PARIS: French President Emmanuel Macron on Thursday pledged to keep up France’s humanitarian, economic and military support to Ukraine and to bolster European unity as a way to pile pressure on Russia and prevent it from winning it war in that country.
“We cannot let Russia militarily win the war,” Macron said in a speech to French ambassadors at the Elysee presidential palace.
He set the goal of enabling Ukraine to either win militarily or be put in a strong position to achieve “a negotiated peace.”
“We must get prepared for a long war,” Macron said, adding that this would involve tensions escalating over Ukraine’s nuclear plants.
Macron said France strongly supported the mission of the International Atomic Energy Agency that arrived Thursday to the Zaporizhzhia plant to assess its safety. The French president suggested he would call his Russian counterpart Vladimir Putin after the IAEA mission concludes.
Macron vowed to “keep talking” to Russia despite criticism from some countries, especially in eastern Europe, which defend a hardline stance against Moscow. “We must do everything to make a negotiated peace possible” when Russia and Ukraine will be ready to sit for talks, he said.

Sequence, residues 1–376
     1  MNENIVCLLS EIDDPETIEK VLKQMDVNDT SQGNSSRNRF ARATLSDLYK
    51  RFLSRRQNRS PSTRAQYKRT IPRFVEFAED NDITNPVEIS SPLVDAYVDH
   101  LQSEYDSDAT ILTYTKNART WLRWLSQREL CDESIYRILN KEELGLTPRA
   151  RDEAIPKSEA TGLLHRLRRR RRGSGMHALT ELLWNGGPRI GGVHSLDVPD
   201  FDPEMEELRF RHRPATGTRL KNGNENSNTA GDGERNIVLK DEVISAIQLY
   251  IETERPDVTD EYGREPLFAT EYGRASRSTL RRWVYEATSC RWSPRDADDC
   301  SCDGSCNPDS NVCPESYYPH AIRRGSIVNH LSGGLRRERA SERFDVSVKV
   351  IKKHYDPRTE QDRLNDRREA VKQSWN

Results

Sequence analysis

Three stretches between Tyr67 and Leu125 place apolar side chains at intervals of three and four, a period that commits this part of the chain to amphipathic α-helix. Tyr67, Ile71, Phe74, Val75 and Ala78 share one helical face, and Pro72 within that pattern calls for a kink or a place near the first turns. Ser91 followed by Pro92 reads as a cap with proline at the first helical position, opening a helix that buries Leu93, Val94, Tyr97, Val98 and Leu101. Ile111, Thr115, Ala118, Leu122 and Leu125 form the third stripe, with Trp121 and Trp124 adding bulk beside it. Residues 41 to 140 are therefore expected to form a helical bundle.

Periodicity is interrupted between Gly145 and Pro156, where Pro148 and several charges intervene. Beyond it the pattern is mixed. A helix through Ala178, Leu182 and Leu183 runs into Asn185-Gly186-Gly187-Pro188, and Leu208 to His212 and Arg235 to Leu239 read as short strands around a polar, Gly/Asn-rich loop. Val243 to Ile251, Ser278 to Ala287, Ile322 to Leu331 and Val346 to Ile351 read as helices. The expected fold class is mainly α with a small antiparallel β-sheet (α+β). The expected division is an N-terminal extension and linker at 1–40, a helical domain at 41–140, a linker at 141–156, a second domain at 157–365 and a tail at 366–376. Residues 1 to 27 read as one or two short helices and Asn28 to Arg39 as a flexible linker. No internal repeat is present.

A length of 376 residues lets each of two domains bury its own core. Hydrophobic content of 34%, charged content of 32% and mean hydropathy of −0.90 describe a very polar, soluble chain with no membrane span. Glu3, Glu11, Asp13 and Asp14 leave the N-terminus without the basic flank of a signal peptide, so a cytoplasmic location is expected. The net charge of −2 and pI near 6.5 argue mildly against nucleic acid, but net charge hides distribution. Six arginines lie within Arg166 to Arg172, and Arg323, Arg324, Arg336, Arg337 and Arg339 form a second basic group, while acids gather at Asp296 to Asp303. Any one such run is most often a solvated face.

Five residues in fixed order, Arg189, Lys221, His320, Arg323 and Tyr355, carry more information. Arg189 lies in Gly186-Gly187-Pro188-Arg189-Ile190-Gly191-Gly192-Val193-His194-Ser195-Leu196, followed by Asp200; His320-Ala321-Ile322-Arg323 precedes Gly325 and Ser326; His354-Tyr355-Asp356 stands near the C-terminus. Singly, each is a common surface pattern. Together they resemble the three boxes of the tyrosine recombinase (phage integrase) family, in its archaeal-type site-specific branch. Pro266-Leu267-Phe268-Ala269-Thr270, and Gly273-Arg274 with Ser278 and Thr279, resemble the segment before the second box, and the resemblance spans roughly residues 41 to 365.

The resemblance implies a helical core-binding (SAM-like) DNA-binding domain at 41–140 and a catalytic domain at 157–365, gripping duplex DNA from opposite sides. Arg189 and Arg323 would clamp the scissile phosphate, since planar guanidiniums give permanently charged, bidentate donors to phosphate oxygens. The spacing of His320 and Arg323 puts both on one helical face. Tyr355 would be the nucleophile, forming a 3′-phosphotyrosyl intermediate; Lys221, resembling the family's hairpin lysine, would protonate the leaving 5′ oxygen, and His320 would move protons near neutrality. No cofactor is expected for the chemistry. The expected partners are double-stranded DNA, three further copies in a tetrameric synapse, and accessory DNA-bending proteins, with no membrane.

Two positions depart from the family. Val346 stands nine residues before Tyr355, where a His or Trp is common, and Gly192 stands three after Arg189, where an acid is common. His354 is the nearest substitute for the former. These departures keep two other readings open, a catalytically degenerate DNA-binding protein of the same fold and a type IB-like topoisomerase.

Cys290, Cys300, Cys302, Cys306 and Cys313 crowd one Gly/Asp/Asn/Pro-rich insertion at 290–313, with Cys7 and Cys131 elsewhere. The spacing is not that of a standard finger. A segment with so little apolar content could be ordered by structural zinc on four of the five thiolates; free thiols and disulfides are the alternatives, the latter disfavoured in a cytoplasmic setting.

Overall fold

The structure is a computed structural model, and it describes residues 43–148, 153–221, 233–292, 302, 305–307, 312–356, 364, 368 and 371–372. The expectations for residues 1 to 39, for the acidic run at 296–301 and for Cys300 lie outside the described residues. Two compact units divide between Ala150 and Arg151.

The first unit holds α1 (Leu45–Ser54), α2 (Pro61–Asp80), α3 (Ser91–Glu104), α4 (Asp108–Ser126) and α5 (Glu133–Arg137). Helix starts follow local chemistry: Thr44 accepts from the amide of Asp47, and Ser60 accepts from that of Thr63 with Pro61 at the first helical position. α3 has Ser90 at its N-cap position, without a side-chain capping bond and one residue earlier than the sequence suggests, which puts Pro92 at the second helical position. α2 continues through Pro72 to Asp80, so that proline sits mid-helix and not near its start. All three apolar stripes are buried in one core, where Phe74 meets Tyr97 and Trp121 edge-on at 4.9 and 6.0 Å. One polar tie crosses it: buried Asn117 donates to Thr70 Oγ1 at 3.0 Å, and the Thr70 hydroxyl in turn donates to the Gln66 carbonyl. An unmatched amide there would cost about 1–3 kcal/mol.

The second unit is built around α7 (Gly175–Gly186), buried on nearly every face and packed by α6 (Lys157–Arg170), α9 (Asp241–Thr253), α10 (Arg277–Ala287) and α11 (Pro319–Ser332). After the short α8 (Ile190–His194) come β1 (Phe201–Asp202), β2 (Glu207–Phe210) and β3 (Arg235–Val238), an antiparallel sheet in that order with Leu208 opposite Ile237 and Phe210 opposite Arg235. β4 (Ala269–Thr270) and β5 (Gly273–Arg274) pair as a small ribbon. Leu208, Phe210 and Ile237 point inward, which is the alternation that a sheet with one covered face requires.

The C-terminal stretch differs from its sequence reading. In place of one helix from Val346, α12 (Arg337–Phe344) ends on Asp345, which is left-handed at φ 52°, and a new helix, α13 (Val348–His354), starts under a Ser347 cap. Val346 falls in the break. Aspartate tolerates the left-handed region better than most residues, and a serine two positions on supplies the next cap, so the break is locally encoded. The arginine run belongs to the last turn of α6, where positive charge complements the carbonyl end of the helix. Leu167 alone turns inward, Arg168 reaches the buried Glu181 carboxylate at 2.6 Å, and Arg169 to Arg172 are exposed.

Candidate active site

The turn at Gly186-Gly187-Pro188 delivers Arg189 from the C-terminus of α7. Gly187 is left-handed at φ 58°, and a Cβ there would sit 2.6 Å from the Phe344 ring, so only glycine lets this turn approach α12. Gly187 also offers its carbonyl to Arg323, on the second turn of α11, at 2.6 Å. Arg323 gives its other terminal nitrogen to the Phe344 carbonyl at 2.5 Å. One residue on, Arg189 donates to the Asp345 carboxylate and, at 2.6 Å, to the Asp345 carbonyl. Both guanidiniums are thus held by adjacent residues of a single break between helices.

“We must not let Europe get divided” over the war in Ukraine and its consequences, Macron said, adding that the EU mustn’t align itself with “warmongers” or allow countries from eastern Europe to act alone in support of Kyiv.
In a nearly two-hour speech meant to outline the goals of the French diplomacy in the upcoming year, Macron praised the views expressed by German Chancellor Olaf Scholz earlier this week in Prague as “fully in line” with his own plea for a stronger, more independent and sovereign Europe.
Macron called on Europe to “defend” its freedoms and values and to “fight” for them.
He also urged French diplomats to push back more aggressively against misinformation, fake news and propaganda spread on social media.
Paris needs to use some communication tools to “break the Russian, Chinese or Turkish storytelling” and be able to “say when France is wrongly attacked, to say what France really did,” he said.